Author: Ajay Mhatre, M.D., FACC
According to the Centers for Disease Control, “About 610,000 people die of heart disease in the United States every year.” Heart disease – also known as coronary artery disease – is responsible for one in four deaths. Fortunately, the Valley area has one of the country’s lower rates of heart disease deaths in adults age 35+. See the map below:
Source: Centers for Disease Control
Still, your health and your risk for heart disease is your personal responsibility. At Phoenix Heart Center, we strive to provide our patients with the right knowledge, care and medical intervention. Learn more about coronary artery disease below…
Who Is at Risk for Coronary Artery Disease?
Risk factors for heart disease include age, being male or post-menopausal female, having certain family history patterns, high cholesterol, high blood pressure, smoking, lack of exercise, obesity, diabetes and stress. If you have multiple risk factors, you may be at risk for coronary artery disease – even if you are not experiencing any symptoms.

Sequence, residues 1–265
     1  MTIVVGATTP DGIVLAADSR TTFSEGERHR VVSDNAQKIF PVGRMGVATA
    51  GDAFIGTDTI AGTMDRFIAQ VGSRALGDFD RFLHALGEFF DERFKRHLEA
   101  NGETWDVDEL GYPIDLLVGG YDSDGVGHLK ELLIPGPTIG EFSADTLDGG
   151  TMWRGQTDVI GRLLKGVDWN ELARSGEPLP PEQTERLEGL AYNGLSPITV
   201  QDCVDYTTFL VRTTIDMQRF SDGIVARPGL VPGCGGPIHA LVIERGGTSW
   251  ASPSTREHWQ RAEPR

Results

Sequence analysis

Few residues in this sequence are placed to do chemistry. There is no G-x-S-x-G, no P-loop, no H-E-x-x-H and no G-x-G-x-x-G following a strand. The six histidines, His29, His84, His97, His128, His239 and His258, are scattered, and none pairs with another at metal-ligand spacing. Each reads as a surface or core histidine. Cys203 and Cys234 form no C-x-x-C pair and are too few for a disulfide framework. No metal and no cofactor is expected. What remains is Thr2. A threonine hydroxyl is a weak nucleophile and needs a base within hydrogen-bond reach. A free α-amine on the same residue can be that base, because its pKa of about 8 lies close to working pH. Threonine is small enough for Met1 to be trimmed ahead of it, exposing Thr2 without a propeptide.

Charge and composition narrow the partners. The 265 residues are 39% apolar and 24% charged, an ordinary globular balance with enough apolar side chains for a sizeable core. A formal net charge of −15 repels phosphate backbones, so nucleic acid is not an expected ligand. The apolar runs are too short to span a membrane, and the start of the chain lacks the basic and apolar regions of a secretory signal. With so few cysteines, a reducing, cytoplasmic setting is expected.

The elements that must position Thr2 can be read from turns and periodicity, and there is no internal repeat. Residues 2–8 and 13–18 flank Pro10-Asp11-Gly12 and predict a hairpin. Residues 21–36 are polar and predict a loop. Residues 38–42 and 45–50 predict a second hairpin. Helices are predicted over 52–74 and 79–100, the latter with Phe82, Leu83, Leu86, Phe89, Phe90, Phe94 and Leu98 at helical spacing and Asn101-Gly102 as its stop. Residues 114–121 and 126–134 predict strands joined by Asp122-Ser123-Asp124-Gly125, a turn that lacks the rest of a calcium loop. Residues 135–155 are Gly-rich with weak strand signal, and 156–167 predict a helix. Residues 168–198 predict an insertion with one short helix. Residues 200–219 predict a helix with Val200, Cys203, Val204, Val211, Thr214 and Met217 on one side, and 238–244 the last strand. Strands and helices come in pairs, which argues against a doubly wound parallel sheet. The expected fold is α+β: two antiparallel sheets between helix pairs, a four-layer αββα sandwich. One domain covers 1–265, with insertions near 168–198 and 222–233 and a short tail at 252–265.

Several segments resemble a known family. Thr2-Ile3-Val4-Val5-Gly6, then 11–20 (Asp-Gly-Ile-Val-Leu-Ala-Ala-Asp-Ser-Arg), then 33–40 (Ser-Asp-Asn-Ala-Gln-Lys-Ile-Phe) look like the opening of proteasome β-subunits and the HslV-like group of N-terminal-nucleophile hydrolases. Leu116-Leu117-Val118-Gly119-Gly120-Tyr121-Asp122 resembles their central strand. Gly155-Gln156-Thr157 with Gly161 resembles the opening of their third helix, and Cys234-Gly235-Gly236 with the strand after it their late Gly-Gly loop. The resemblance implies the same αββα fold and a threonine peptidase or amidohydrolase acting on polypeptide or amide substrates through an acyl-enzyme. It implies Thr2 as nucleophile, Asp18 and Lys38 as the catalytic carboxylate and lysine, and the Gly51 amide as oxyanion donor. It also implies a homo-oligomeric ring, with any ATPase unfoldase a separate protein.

What Conditions Should I Manage If I Have Heart Disease?
Your Phoenix cardiologist will go over lifestyle changes and management techniques with you. However, many patients diagnosed with heart disease are encouraged to quit smoking, start exercising, lose weight, manage diabetes, lower cholesterol, and lower blood pressure. It may sound like a lot of sudden changes, but once you start focusing on a healthy diet and regular exercise, you may be surprised how many other conditions begin to improve as a result.
What Heart Disease Treatments Are Available?
Aspirin and cholesterol-lowering drugs are frequently used to manage coronary artery disease. Your Phoenix cardiologist may also prescribe drugs to slow the heart rate, lower blood pressure, manage chest pain, or relax the muscles surrounding the coronary arteries. In some cases, surgical intervention may be necessary.
Learn More About Coronary Artery Disease
Please consult with your physician before undertaking any form of medical treatment or adopting any exercise program or dietary guidelines.